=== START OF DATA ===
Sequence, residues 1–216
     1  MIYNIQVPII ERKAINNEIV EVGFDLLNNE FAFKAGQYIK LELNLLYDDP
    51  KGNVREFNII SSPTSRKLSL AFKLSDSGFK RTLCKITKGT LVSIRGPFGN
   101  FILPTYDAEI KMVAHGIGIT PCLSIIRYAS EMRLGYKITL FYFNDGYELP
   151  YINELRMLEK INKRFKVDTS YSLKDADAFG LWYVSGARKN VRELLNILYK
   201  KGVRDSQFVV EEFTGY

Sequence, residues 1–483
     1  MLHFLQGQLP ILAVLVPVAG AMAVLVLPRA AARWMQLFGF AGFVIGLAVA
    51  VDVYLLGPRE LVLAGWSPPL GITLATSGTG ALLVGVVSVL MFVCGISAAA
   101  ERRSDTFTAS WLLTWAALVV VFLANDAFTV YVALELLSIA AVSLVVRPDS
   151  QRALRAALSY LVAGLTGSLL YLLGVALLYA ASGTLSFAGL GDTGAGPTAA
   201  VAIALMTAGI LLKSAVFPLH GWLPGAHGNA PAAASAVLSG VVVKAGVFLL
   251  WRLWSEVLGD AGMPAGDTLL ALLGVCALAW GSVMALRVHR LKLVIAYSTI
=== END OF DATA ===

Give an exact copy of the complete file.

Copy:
Sequence, residues 1–216
     1  MIYNIQVPII ERKAINNEIV EVGFDLLNNE FAFKAGQYIK LELNLLYDDP
    51  KGNVREFNII SSPTSRKLSL AFKLSDSGFK RTLCKITKGT LVSIRGPFGN
   101  FILPTYDAEI KMVAHGIGIT PCLSIIRYAS EMRLGYKITL FYFNDGYELP
   151  YINELRMLEK INKRFKVDTS YSLKDADAFG LWYVSGARKN VRELLNILYK
   201  KGVRDSQFVV EEFTGY

Sequence, residues 1–483
     1  MLHFLQGQLP ILAVLVPVAG AMAVLVLPRA AARWMQLFGF AGFVIGLAVA
    51  VDVYLLGPRE LVLAGWSPPL GITLATSGTG ALLVGVVSVL MFVCGISAAA
   101  ERRSDTFTAS WLLTWAALVV VFLANDAFTV YVALELLSIA AVSLVVRPDS
   151  QRALRAALSY LVAGLTGSLL YLLGVALLYA ASGTLSFAGL GDTGAGPTAA
   201  VAIALMTAGI LLKSAVFPLH GWLPGAHGNA PAAASAVLSG VVVKAGVFLL
   251  WRLWSEVLGD AGMPAGDTLL ALLGVCALAW GSVMALRVHR LKLVIAYSTI